Bright sunshine, steady wind around 20 knots, and half-mast to logo-high set waves allowed the completion of the single elimination, and the first two rounds of the double elimination.
A 14-minute heat duration was set with the best 2 rides to count – no jumps.
Phil Horrocks (JP / NeilPryde) proved his potential in the first heat of the morning when he disposed of Scott McKercher (Starboard / Severne) to advance to the third round.
McKercher couldn’t find any decent set waves while Horrocks racked-up several quality rides on some of the best sections going against the 2004 world champ.
Robby Swift (JP / NeilPryde) caused the day’s next upset when he ousted current world number 3 Victor Fernandez (Fanatic / Simmer) in a really close 3rd round heat.
The young Brit expertly hunted down the best waves against form player Fernandez, who’s won the previous two PWA wave events back-to-back.
Tactical wave selection and outright determination also helped Klaas Voget (Fanatic / NeilPryde) overcome stiff opposition in the form of Jason Polakow (JP / NeilPryde).
Polakow seemed to concentrate on the shorter more intense bowls, but the technique failed him as Voget found the longer walls and a larger variety of turns to beat the Australian legend and book his place in the quarterfinals.
The semis were so fiercely contested they could easily have been full-blown finals.
Baker started well against Seadi in the first semi with a mammoth long ride that mixed both aerial and turning skill in a spectacular blend.
But soon local knowledge paid off and Kauli Seadi (Quatro / Naish) replied with a stack of amazing waves featuring airs, cutbacks, big late hits, and some nice speed work to get around and over the white-water.
Levi Siver (Starboard / NeilPryde) and Kevin Pritchard (Starboard / MauiSails) had a slow to start to their semi-final, which was pretty light on decent surf at the beginning.
Eventually Siver gained the edge with a slightly more top to bottom approach and wave choice that allowed him to make more of the steep faces he’d sniffed out.
Master tacticians Baker and Pritchard went head to head in the loser’s final. Both had previously stayed upwind of the peak and used both backhand and front side turns to score high, as well as keep the option to scream down the line if the right ones opened up.
But this time, not wanting to get into a scrap for the priority and positioning, Pritchard stayed near the inside and cut loose, freeing his fins Brazilian style, whilst Baker stuck with linking the outside sections all the way through to the beach.
Keeping it tactical paid off and Baker took the win and third place ahead of the American who’d gone all-out to express himself and let rip.
Single Elimination Final
Both Siver and Seadi appeared to be in second gear at the start of the final. Siver was visibly not enjoying the stronger wind and Seadi, although showing flashes of his potential couldn’t quite get up top speed and find his natural rhythm.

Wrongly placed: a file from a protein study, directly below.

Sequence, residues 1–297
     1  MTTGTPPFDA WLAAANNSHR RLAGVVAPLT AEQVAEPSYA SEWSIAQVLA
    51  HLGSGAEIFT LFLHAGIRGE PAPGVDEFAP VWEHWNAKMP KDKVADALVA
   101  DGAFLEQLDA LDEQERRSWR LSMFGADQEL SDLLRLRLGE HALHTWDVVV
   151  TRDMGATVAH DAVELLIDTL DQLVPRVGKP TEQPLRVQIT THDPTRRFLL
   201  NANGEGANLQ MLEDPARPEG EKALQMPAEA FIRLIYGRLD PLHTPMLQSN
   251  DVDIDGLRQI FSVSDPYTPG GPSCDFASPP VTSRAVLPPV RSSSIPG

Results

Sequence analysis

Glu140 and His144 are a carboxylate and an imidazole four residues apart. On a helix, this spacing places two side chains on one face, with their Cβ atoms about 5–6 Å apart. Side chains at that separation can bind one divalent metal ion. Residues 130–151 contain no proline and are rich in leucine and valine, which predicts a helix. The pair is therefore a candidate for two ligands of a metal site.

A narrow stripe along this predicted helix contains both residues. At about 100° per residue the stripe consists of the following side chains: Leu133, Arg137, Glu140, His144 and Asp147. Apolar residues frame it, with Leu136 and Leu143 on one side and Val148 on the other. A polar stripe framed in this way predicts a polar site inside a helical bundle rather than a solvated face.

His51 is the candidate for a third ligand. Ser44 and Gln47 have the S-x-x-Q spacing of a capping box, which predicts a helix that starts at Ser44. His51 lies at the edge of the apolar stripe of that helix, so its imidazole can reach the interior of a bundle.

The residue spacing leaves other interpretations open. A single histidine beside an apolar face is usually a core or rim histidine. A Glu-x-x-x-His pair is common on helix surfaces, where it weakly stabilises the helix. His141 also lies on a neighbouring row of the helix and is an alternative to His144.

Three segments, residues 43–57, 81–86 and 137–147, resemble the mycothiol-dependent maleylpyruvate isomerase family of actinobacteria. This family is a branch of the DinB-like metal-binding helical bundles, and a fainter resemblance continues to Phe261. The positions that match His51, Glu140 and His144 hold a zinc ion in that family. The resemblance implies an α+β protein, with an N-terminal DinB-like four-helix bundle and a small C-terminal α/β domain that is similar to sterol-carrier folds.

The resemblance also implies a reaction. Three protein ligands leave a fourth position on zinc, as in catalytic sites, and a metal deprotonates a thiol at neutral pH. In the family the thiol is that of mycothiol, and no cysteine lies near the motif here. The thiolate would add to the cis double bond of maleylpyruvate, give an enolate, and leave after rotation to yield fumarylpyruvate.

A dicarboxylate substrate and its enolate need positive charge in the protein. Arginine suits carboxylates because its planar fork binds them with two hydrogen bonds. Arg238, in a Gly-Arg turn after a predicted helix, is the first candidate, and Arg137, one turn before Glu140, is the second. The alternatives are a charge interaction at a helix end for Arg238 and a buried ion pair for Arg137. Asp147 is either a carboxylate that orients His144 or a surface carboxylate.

Siver found some chunkier swells and scored a few nice thumps off the lip later on, but then Seadi pulled an insane contorted Goyta to finish a fantastic ride in the dying seconds.
There were no arguments as to who’d won and Siver could hold his head up high after one the most impressive showings we’ve seen from him in some time.
Seadi was cool and calm about his win when a lesser mortal could have let the expectation get to him whilst under the media spotlight.
‘It was like dream come true for me to win at home here in front of my friends and family’ said the down-to earth superstar. ‘Windsurfing is not so well known here in Brazil, so to have a contest like this and the chance to show this surfing-mad country what I do, and who I compete against is amazing. I tried to relax in the final and concentrate on my own game. I could see my house from the water and that comforted me. I knew Levi had sailed really well but I did my own thing and got some nice little waves and a really sick Goyta at the end!’
Seadi has gone about his business in a calculated manner so far and you get the impression that just isn’t going to change. Whoever surfaces at the end of the double elimination will have to bring something more than special to match Seadi’s electric and energetic style.
Later in the day the double elimination was started and the first two rounds completed. With a jump thrown in to count, the level of action went through the roof.
Heat of the day was without doubt Colin Sifferlen (Starboard / Simmer) versus Alex Mussolini (JP / NeilPryde). Sifferlen landed a 10-point air chacho bolt upright and Mussolini replied with a 9.5 super-high back-arched back loop. Sifferlen’s wave scores helped him squeak through.
So far it appears that McKercher is on the warpath and might have plans on a double elimination charge. Also surviving the second round was impressive youngster Camille Juban (Quatro) who took a mighty scalp when he defeated Marcilio Browne (Mistral / Gaastra). Who knows what the third round will throw up?